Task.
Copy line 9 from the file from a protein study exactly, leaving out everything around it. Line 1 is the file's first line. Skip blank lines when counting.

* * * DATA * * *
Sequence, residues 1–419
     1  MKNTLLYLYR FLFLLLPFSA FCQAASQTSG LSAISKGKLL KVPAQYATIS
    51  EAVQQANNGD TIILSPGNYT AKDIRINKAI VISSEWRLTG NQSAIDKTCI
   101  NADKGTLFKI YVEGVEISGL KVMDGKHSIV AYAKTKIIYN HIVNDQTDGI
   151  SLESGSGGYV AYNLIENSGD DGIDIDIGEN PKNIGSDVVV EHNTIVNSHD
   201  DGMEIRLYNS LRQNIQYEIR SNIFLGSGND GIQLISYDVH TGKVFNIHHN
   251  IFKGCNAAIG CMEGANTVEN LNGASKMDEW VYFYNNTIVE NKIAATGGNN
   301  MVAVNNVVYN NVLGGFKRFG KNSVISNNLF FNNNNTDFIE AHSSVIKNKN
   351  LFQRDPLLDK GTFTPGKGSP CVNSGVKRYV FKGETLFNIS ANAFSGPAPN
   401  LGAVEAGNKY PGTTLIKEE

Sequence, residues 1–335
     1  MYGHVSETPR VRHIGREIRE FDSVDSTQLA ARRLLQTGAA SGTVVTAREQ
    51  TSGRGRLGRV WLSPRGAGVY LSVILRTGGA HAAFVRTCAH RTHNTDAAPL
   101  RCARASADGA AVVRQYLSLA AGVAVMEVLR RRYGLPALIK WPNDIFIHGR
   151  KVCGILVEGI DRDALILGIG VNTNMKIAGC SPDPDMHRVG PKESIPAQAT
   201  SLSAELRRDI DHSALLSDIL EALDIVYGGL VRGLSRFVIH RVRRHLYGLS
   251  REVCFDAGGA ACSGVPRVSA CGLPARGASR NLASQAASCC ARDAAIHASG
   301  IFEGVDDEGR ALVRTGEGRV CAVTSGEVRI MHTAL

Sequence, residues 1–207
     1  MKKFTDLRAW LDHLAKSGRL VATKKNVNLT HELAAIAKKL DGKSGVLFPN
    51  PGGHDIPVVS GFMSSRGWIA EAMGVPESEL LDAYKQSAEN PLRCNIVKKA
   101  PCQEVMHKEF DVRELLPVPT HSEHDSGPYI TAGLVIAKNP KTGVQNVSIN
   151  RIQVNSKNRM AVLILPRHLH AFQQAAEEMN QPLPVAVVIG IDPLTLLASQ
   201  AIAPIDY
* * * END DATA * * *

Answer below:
   351  LFQRDPLLDK GTFTPGKGSP CVNSGVKRYV FKGETLFNIS ANAFSGPAPN